Jamie: My background has always been in integrated care. From training through licensing, I lived, ate, and breathed integrated care! Coming from a rural community with limited healthcare services, behavioral health and physical health existing in the same space has always just made sense to me. But after a few years of my focus being on behavioral health integration in primary care, I became really curious about how these models of care were being implemented into completely different settings, like in allergist offices, pediatric obesity clinics, and complex care settings, for example. Again, this wasn’t surprising to me and just seemed like a common-sense way to improve patient care outcomes, as well as provider satisfaction. But I will never forget the day I saw a job posting for the role I have now! On one hand, I thought to myself, “Behavioral health integration at the dentist?! How is that going to work?” And on the other hand, I thought, “I’ve got to get in on this!”
Lisa: Oh, I am so glad I am not alone in my curiosity about integrating behavioral health care into oral health care! To be honest, when I first heard about integrating behavioral health into oral health I just wasn’t sure how it would work. At first I thought, well that would be helpful because personally I experience a lot of tension around going to the dentist. I am always up for someone talking to me and helping me feel more relaxed, so that was my initial take on the role of behavioral health in oral health. I thought, when I sit down and feel nervous about my procedure, or about what the dentist is going to say, a behavioral health person could help me manage that stress. But then I learned there was so much more and so many other reasons why behavioral health should be connected and integrated into oral health.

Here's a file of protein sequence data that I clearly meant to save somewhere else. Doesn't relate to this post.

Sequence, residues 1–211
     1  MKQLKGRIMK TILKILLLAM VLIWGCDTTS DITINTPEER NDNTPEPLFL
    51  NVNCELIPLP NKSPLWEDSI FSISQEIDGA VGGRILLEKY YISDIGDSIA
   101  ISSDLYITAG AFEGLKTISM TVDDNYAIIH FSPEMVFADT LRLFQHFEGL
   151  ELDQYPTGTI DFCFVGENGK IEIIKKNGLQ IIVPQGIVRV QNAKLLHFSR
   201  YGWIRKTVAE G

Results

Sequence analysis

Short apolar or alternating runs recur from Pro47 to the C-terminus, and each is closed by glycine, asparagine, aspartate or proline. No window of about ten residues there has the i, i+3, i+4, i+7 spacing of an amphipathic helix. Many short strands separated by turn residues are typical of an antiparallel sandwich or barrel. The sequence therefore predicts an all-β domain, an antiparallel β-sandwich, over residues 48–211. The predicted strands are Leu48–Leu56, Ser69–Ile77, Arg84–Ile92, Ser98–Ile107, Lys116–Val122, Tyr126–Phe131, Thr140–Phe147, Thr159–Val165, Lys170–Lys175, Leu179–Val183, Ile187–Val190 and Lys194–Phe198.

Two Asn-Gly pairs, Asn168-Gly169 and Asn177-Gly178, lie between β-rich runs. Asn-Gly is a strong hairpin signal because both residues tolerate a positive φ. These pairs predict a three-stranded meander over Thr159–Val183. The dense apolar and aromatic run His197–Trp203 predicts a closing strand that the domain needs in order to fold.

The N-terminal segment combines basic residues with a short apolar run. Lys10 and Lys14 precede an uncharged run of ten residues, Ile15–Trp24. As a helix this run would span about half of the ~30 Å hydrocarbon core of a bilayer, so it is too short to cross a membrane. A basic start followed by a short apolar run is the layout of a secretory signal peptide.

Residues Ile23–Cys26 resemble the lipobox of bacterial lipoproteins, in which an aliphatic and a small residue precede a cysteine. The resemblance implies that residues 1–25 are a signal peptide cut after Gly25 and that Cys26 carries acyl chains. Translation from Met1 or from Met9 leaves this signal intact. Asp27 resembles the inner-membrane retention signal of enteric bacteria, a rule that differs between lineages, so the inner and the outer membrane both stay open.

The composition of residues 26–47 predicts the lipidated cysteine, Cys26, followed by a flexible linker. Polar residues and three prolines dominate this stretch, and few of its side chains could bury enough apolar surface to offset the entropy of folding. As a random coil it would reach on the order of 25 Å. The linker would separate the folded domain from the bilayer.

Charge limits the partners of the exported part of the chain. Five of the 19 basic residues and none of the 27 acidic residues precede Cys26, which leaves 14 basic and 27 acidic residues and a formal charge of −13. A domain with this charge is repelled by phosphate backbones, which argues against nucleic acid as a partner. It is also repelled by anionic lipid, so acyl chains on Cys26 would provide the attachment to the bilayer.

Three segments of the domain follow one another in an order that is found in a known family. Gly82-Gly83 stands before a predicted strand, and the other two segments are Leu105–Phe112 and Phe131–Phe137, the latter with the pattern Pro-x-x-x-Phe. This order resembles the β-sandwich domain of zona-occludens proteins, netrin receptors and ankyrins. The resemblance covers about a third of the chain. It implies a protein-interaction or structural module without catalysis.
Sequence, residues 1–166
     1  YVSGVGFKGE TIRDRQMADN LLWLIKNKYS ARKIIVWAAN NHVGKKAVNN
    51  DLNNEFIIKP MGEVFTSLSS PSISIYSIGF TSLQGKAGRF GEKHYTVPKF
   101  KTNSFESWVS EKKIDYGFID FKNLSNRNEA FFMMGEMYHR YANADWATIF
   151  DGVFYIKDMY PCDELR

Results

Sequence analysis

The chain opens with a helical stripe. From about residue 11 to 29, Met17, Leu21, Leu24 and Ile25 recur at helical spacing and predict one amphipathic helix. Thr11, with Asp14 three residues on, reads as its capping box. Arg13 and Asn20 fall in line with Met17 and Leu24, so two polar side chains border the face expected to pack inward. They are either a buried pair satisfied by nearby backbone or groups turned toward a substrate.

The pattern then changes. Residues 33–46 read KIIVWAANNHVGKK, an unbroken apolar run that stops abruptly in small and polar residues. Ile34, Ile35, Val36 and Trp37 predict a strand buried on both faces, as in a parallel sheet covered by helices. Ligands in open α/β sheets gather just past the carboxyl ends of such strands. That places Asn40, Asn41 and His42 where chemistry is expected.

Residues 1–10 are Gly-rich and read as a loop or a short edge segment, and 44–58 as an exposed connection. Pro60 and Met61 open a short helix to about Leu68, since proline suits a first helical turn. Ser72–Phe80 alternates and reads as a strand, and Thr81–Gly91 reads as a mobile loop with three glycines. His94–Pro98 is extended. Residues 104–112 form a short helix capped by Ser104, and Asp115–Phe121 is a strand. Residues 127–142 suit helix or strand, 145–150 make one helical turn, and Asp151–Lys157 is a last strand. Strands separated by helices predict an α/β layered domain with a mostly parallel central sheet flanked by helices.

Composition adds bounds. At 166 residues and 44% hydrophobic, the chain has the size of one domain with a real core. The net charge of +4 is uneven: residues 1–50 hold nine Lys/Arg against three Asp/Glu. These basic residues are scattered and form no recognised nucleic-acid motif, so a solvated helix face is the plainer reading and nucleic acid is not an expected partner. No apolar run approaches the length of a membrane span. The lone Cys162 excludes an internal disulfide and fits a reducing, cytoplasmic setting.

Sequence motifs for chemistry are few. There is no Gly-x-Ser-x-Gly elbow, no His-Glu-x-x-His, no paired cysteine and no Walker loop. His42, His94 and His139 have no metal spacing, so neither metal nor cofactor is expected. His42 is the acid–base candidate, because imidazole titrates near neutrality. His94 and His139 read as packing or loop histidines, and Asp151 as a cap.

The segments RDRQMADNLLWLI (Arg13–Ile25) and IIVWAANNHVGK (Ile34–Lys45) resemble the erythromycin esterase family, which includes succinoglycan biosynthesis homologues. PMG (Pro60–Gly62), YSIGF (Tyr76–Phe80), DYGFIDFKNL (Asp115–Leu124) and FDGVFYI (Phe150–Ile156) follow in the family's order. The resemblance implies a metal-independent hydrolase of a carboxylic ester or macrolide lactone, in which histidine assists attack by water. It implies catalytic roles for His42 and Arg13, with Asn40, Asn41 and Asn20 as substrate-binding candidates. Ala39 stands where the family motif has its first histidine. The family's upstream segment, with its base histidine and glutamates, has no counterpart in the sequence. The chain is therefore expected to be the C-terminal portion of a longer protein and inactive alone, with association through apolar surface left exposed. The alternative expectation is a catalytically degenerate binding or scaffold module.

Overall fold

Jamie: Absolutely! At UNC we have done dentistry education without behavioral health for more than 50 years…so I don’t think you’re alone in feeling slight hesitation at the sound of “behavioral health in dentistry.” Changing the way teams are developed and work together, as well as the way patient care is viewed and delivered, is NO small feat. I had a dental colleague put this simply for me one day. He said to me that dentists are incredibly technically skilled professionals. For that reason, they historically have looked at patients and their needs with a 2mm point of view. They are using magnification tools to zoom in on that particular cavity, or that crown. As a behavioral health clinician, I am asking them to back that view up to about a 100-yard view of the patient and ask about their life, their health behaviors, and their own perspectives on their care. This is uncomfortable for most dental providers to think about in the beginning. But as I attend more morning huddles, discuss more patient cases with providers, and meet with more patients in the operatories, I see our dental providers — both learners and faculty — gain a greater understanding of how expanding their care to be more person-centered improves the patient’s experience, as well as theirs.